DB Hall of Fame



DB Hall of Fame



mx  CO 29513-1
JANUARY  15,  1941     Wednesday Columbia Studios,  NYC

  32  BARS    (ABAC) Key of   Eb Quarter Note =   82 Time:   3:27
  4-Bar  Intro  +  2 ˝  CHORUSES:
      4  bars  –  piano (Intro)
    32  bars  –  clarinet (Melody) [ABAC]
    16  bars  –  trumpet [AB]
    16  bars  –  tenor sax [AC]
    8  bars  –  CC [A]
      8  bars  –  clarinet (Melody) [C]

  Benny Goodman and his Sextet
  GEORGIE AULD tenor sax
  BENNY GOODMAN clarinet
  JO JONES drums

Issued Recordings:
  [ 78 ] Columbia 35938
    Columbia 37513
    V Disc 55B
  [ EP ] Columbia B-350
  [ LP ] CBS 2BP 220094
    CBS 62.581
    CBS 67233
    CBS / Sony 56AP 674-6
    CBS / Sony SOPM 162
    CBS / Sony SOPZ4-6
    Columbia 33SX 1035
    Columbia CG 30779
    Columbia CL 500
    Columbia G 30779
    Columbia GL 500
    I Grandi del Jazz GdJ-48
    Philips BBL 7178
  [ CD ] ASV AJA 5144
    Avid AVC 542
    CBS 465679 2
    Classics 1202
    Columbia/Legacy AC4K 65564 (disc 3, track 4)
    Columbia/Legacy C4K 65564 (disc 3, track 4)
    Columbia CK 45144
    Definitive DRCD11176
    Giants of Jazz 53039
    History 20.1960-HI
    History 20.1975-HI
    Jazz Archives / EPM 15908 2
    Jazzterdays JTD 102410
    Masters of Jazz MJCD 68
    Past Perfect PPCD 78129
    Proper PROPERBOX 98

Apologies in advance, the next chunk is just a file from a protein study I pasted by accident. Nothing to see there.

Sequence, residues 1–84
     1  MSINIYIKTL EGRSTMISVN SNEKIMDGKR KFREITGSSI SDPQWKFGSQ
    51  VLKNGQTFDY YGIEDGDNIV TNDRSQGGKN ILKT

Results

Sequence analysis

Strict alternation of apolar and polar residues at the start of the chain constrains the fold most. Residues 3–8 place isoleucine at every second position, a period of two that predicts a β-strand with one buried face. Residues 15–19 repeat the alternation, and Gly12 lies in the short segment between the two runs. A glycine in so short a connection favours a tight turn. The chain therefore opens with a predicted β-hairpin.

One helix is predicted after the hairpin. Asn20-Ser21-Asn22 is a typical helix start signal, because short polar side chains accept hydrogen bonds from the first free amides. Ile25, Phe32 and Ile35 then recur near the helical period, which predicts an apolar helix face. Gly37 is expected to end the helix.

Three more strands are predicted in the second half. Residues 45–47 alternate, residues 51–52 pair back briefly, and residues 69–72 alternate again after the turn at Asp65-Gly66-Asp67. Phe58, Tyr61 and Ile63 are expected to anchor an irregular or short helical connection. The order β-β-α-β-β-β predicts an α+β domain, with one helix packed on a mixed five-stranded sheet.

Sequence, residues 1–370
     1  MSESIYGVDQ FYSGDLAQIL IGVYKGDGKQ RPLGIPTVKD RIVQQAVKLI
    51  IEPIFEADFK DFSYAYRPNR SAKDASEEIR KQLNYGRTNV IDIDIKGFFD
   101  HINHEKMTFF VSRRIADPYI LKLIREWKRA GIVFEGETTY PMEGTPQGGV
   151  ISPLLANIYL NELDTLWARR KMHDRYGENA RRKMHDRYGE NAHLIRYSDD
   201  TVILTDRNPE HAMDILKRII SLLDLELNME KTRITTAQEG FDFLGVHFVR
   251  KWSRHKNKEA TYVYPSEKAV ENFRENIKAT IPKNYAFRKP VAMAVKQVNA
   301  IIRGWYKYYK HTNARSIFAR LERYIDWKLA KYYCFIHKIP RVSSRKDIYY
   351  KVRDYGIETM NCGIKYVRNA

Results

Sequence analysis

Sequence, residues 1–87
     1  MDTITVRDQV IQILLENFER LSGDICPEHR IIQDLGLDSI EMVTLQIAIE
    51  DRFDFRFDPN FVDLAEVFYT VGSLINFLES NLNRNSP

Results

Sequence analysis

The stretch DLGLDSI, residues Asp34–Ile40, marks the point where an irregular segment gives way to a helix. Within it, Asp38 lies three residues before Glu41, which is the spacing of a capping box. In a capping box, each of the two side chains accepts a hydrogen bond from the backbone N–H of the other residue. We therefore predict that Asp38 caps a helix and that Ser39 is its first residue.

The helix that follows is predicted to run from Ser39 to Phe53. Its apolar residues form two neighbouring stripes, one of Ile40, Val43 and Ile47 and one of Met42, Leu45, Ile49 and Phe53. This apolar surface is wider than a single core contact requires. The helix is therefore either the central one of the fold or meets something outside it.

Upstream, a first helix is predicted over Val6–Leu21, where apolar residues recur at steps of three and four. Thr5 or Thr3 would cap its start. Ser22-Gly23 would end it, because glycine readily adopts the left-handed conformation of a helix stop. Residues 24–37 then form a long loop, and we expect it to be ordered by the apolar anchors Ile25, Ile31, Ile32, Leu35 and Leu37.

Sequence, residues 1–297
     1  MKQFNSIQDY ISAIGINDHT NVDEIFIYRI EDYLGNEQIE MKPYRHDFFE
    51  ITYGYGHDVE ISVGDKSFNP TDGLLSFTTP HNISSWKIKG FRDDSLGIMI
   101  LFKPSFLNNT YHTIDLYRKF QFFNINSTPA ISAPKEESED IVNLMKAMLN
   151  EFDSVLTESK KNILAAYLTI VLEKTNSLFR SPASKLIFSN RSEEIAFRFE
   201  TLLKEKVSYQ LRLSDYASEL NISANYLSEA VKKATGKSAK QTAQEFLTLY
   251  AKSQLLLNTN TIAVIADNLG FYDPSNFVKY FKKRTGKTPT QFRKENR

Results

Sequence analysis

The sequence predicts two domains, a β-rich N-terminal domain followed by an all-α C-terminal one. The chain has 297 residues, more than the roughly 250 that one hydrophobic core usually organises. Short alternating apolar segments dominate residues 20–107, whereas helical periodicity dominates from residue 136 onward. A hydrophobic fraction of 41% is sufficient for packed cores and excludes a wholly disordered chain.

Sony/Legacy 93035 (disc 3, track 4)
    Topaz Jazz / Pavilion TPZ 1017
    Universe UV 129/2

Composed by: Isham Jones - Gus Kahn
©   VALDÉS   10/28/01



Transcription Page:     On the Alamo



On the Alamo doesn’t receive nearly as much attention as it should.  Possibly because it was one of the slowest tunes played by the sextet, recorded only once on one take, and almost half of it is fairly straight melody.  It was also recorded during the same studio session as the multiple takes of up-tempo tunes Breakfast Feud, I Found a New Baby, and Gone with What Draft (Alamo’s 78-rpm flipside companion).  On the Alamo is beautifully played by all.

Charlie Christian’s eight-bar solo is a gem.  Everything fits together perfectly.  The four notes he plays on the pickup bar and on the second measure are identical and go with both the Eb and F7 harmony, and are used for like purposes but with dissimilar emphasis.  Then there are two phrases that ascend in triplets and descend with quarter notes;  two cascading triplets and a leap up to a single note before the phrase is resolved with a couple of notes in the next beat.  The solo itself is then resolved with two similar, and unexpected, two-note phrases that also relate to the first measure.

So leisurely simple and sensible and sublime.


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